Scopes don’t cost what they used to. Does anyone know how much work is involved in getting the engine to a point where one can view the valve backside? I looked for this info awhile back and came up empty. Would consider getting my own, if the work to inspect isn’t crazy.
 

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2019 Crosstrek 2018 XT
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Sea foam does nothing for cleaning intake valves. It never makes it to the back side of the intake valves. Walnut shell blasting is the only way to clean intake valves. The DIY method is to take the intake manifold off, and use various brushes, cleaning implements to hand clean the intake valves. There are various youtube videos of owners doing this with reasonable success.
Obviously I understand that. My point is that the dealer has no clue what is causing the problem. It could certainly be that the injectors coule benefit from the Seafoam or equivalent injector cleaner. No one here can say there is buildup on the intake valves that is "causing"his problem.
 

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Sahuarita, Arizona USA 2018 Forester Limited
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@ges74 If your 2015 is a non-turbo you do not have GDI/direct injection engine. Fuel will clean the intake valves on port injection engines especially if you use a Top Tier brand of gasoline such as Chevron, Shell, Costco, QT. So if you don't have a turbo the best thing you can do to prevent carbon buildup is to fuel up with a Top Tier brand.
 

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2015 Forester XT Touring CVT
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@ges74
@ForesterBill Is right, no carbon deposit issues with your engine. Dealer is just being dealer... I would watch for oil consumption with your engine. Small percentage had that issue (even less with CVT) but I would keep an eye on it
 

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‘14 FXTT; '15 Legacy FB25
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As has been mentioned, the OP's engine is the FB25, which is NOT direct-injection. If the OP is at all concerned, then using top-tier gas will likely be enough to keep the engine clean, since each injection of fuel passes by and cleans the intake valves.

It doesn't hurt use cleaners, however:

Seafoam is OK; however, alternately using a heavy solvent, like Berryman B12 chemtool and later something with a high concentration of Poly Ether Amine (PEA) will work wonders IF there is any buildup. High-PEA cleaners include Gumout w/ regane (they actually label their products that contain PEA now), Redline SI-1, Chevron Techron and several others that I don't use.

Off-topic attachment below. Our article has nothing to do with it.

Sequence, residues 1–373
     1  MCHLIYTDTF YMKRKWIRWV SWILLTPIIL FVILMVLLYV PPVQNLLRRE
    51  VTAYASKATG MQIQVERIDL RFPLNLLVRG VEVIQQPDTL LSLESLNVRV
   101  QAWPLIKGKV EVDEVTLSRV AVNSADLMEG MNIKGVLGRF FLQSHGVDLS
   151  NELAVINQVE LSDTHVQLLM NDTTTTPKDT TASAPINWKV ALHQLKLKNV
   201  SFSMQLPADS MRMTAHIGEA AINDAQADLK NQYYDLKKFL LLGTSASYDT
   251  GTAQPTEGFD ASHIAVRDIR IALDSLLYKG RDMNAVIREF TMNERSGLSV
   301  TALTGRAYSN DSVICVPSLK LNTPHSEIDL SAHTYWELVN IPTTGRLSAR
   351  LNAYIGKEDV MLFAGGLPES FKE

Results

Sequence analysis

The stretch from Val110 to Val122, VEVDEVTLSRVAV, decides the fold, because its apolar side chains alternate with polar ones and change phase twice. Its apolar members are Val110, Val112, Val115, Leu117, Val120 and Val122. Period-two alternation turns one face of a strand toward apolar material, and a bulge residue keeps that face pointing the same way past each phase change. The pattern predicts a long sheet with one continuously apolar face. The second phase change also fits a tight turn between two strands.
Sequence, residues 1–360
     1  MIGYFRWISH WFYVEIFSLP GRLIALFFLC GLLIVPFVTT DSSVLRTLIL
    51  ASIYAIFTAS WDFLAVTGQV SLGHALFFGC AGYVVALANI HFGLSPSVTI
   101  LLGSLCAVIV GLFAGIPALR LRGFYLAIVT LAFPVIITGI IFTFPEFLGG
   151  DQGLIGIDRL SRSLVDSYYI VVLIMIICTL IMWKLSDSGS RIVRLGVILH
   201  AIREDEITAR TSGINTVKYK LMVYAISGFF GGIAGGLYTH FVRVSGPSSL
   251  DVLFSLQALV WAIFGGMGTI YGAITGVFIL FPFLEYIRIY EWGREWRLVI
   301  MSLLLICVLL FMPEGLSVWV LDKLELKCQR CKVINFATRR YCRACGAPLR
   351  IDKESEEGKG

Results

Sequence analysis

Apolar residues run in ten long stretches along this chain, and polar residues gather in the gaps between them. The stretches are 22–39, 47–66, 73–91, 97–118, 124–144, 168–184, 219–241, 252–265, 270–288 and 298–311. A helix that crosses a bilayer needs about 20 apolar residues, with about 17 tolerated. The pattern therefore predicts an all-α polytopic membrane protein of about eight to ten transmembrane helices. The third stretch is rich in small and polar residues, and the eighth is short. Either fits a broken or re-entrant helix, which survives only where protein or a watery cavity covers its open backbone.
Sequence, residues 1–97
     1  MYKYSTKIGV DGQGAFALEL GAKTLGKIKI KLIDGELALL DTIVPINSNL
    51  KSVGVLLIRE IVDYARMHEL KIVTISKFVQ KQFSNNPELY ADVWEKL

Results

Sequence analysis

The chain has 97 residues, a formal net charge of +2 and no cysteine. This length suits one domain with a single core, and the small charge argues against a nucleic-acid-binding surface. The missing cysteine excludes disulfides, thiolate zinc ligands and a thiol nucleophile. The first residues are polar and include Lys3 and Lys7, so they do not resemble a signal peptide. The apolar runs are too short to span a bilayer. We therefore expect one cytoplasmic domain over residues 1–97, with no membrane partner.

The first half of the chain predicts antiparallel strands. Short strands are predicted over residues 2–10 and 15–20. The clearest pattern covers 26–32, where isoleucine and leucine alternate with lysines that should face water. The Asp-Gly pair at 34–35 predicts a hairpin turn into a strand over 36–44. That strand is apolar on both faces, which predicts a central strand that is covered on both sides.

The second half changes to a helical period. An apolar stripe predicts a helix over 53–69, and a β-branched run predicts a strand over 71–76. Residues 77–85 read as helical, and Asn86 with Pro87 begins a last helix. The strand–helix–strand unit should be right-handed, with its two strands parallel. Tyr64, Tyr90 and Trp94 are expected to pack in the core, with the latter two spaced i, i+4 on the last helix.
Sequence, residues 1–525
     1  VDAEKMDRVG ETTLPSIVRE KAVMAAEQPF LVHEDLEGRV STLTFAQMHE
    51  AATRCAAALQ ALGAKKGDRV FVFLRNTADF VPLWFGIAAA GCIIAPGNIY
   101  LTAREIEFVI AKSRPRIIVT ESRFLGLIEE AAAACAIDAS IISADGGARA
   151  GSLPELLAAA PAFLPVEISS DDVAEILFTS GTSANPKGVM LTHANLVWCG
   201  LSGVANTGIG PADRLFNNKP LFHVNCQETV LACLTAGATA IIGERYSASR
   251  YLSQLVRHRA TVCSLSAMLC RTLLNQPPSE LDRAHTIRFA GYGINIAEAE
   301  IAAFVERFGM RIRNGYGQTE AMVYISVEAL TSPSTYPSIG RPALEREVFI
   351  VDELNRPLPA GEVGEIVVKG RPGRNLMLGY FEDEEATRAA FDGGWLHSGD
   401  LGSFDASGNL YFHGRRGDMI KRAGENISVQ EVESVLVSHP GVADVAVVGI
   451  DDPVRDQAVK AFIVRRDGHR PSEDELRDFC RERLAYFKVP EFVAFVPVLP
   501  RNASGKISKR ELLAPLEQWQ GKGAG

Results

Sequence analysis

/

Finally, I'd swear I read somewhere that a lot of later GDI engines, the FA20DIT included, use AVCS to allow the intake valve to remain open for a split second after fuel injection to let some cleaning to occur. Regardless, the pictures I've seen online of modern GDI engines don't seem even close to as bad as those of yore.
 
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2018 Forester Manual
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Finally, I'd swear I read somewhere that a lot of later GDI engines, the FA20DIT included, use AVCS to allow the intake valve to remain open for a split second after fuel injection to let some cleaning to occur. Regardless, the pictures I've seen online of modern GDI engines don't seem even close to as bad as those of yore.
MOST of the current generation of GDI engines play with valve timing to let air / fuel 'puff' over the intake valve to keep it clean. The carbon buildup was a mid/late 00's early GDI type of deal. I bought a direct injection book for my father a few years ago -- he was interested in the technology. I read through it before gifting the book and it mentioned that many manufacturers employ that technique.
 

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2017 forester
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I've put a bottle of Chevron Techron in the next 2 tanks of gas after an oil change for the last 2 decades. Seems to keep out of trouble. I tend to use Tier 1 gas also but I dont go out of my way to get it. Make sure you get the more expensive Techron- Complete Fuel System Cleaner (cheaper one is just diluted version). Its exactly the same stuff the BMW dealer sells in a BMW marked bottle for fuel injector cleaner.